8 Answers

  1. We don't see deja vu, we feel deja vu. Deja vu is felt by approximately 98% of people at least once in their entire life and is quite natural for a person. Why?

    First, a few words about the history of the discovery and study of this effect. For the first time, this term for a phenomenon overgrown with vague guesses and myths was used in the book “Psychology of the Future” by Emile Boirac, and, a little more than half a century later, serious medical research on this phenomenon began. Studies were complicated by the difficulty of reproducing the effect under artificial conditions.

    In 1982, Pierre Glor and his colleagues inserted electrodes into the brains of 35 patients suffering from temporal lobe epilepsy. The temporal neocortex, the amygdala, the hippocampus, and the area near the parahippocampal gyrus were stimulated — then four people experienced deja vu.

    In 1994, Bancode tried to replicate the results of Glor in 16 patients, and found that the effect can be caused not only by the activation of the hippocampus, temporal cortex and amygdala, but even only one of the listed structures, while a greater effect was observed when the limbic system was stimulated medbiol.ru (hippocampus and amygdala in the experiment). It became clear which areas of the brain are responsible for the formation of feelings of deja vu. But how this happens remained unclear.

    So, when we receive a visual stimulus, information about it goes first to the primary visual cortex, is processed in the secondary and sent to the dorsomedial visual zone-this is the dorsal pathway associated with understanding the movement and location of the stimulus, as well as evaluating reach. The picture is shown from above — wikimedia.org — the one below is shown, which will be discussed later. At the same time, the signal goes from the secondary cortex to the ventral lower part of the temporal cortex — this is the ventral pathway through which we recognize the shape of an object, get an idea and associations about it from long-term memory.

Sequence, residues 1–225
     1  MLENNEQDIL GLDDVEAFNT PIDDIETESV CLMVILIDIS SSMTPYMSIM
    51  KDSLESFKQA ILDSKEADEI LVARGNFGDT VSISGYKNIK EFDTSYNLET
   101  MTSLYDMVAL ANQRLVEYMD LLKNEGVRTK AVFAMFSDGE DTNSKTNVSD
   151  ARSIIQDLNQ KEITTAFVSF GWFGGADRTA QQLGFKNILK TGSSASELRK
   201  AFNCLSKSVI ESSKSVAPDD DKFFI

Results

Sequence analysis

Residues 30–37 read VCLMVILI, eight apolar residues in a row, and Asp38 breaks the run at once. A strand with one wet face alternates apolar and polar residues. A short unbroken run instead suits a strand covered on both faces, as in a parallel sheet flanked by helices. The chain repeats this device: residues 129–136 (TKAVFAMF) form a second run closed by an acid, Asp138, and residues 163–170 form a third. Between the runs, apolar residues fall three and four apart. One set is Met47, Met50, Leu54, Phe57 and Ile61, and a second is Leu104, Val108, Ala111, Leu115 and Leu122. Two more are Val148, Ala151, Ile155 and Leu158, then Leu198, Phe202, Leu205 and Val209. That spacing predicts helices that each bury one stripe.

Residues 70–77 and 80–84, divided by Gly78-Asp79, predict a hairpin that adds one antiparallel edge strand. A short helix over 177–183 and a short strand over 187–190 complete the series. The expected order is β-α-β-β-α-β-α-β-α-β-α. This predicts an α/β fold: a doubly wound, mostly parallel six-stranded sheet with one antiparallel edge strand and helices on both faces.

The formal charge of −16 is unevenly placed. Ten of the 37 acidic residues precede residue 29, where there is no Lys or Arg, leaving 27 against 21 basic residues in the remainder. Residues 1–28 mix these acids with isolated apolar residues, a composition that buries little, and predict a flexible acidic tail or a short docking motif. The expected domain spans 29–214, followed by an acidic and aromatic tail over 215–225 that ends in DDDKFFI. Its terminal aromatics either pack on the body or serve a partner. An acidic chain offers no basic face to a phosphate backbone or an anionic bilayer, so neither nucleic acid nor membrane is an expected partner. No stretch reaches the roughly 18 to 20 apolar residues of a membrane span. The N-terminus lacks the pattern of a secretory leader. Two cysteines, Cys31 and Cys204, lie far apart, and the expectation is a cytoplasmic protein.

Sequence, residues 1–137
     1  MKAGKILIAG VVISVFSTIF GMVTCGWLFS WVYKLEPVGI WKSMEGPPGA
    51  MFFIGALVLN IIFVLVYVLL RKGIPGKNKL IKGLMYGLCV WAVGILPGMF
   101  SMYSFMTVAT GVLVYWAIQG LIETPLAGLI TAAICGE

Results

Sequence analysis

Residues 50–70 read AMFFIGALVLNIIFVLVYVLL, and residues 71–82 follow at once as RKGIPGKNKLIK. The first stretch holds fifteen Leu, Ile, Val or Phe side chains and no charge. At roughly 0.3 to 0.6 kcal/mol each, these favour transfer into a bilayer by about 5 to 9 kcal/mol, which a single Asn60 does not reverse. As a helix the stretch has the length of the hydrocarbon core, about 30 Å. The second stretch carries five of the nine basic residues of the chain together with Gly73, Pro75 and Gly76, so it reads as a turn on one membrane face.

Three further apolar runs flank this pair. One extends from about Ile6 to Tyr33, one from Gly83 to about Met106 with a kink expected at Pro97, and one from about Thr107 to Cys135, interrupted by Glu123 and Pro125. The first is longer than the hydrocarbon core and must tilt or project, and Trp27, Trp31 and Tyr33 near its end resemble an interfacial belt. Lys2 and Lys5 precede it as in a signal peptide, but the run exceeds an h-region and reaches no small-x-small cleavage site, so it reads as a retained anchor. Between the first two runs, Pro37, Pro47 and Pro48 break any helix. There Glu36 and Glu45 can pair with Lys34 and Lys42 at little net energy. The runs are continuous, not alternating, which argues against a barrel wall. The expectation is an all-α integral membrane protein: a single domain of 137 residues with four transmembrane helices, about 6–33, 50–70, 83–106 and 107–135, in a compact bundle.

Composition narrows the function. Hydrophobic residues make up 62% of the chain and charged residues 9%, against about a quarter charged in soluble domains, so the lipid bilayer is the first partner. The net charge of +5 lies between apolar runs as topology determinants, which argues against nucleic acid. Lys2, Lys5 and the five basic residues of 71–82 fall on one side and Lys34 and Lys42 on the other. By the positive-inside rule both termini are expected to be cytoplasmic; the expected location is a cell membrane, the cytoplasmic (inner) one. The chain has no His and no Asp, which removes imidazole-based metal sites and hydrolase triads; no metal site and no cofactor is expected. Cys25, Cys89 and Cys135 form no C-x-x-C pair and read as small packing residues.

But wikipedia.org the signal from the retina also goes to the limbic system, which was mentioned above, and not only to the occipital cortex — for example, to the amygdala, which is responsible for the unconscious emotional processing of incoming information.

    Thus, one of the explanations for the deja vu effect looks like this: if the above processes do not occur synchronously, and the unconscious processing is completed earlier, deja vu occurs: first, an external stimulus got emotions and associations from memory, and then visual information processed by the visual cortex did the same thing — the brain, having felt the same thing twice, believes that the event has already happened, and designates it as

    But that's not the only explanation. There is also an opinion that a number of aspects of the situation that the brain considers repeated may have actually occurred in the past. If you see someone stutter, fall, lose their glasses, and find a thousand dollars on the floor looking for them, and then after a long time, by chance, the same thing happens to you or something close, it may seem to you that this has happened to you before. However, this hypothesis does not explain why then not every similar repetition causes deja vu, because something similar happens every day.

    The brain is an imperfect system, sometimes giving small and large failures. You don't need to go to psychotherapists and neurosurgeons to make sure of this: look at pictures with optical illusions. There is no background to such things, and deja vu is not the result of memory erasure or reincarnation. Deja vu is natural for all of us.

  2. For me, the deja vu effect is explained as a coincidence in the result of analyzing what is happening, that is, the brain constantly analyzes each of our steps and anticipates how this step will end.

  3. “I was once told that time is a flat circle. Everything we have done or will do will be repeated again and again in a circle. This boy and this girl will be trapped in this room forever. Again and again. In a circle.”